In an effort to keep up with competition, the Convention and Visitors Authority last year unveiled plans for its $2.5 billion Las Vegas Global Business District, a phased expansion and refurbishment of the Convention Center over several years. The city’s third-largest convention facility, the Mandalay Bay Convention Center, last month announced plans for a $66 million, 350,000-square-foot expansion.


Freitag said markets nationwide are benefiting from efforts to open doors to international tourists through the Brand USA marketing initiatives jump-started by the Travel Promotion Act of 2009. Las Vegas appears to be making the most of efforts to attract foreign travelers, with McCarran International Airport having the highest percentage of international arrivals in the country in 2012. The airport this month welcomed its 14th international airline, Switzerland’s Edelweiss Air, which began twice-weekly Zurich flights on Monday.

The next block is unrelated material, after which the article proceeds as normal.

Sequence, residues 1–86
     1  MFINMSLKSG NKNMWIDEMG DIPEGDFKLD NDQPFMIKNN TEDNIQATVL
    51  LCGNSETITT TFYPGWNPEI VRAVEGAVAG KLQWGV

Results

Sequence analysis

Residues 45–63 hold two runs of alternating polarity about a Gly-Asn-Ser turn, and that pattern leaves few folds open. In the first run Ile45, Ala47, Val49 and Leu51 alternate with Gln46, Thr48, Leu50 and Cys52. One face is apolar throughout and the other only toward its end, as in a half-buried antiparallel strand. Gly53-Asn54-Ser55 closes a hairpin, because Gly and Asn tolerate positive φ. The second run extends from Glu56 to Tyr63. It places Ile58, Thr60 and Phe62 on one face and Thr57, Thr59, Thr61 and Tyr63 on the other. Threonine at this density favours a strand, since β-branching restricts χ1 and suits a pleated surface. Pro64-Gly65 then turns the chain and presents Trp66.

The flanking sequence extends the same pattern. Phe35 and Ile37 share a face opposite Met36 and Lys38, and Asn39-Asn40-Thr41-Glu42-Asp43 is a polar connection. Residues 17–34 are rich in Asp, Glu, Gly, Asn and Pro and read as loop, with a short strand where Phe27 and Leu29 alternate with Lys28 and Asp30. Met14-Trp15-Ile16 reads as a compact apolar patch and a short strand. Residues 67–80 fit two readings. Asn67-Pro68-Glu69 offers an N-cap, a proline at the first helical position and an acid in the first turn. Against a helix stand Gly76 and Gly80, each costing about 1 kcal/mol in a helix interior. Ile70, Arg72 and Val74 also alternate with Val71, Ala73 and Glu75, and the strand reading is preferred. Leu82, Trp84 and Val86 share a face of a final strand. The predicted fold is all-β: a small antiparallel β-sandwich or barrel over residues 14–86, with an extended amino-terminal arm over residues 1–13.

Canada’s discount WestJet, McCarran’s strongest foreign air carrier, brought in more than 1 million passengers in 2013, the first international airline to hit that plateau.

The Convention and Visitors Authority’s goal is to increase international visitors from the current 18 percent of total visitation to 30 percent by 2020.

To Tull, it’s all part of a balanced approach: Go after conventioneers, court loyal Southern Californians who make frequent trips to Las Vegas to see new attractions; and lure more international arrivals.

And, of course, take advantage of the weather.

Contact reporter Richard N. Velotta at rvelotta@reviewjournal.com or 702-477-3893. Follow him on Twitter @RickVelotta.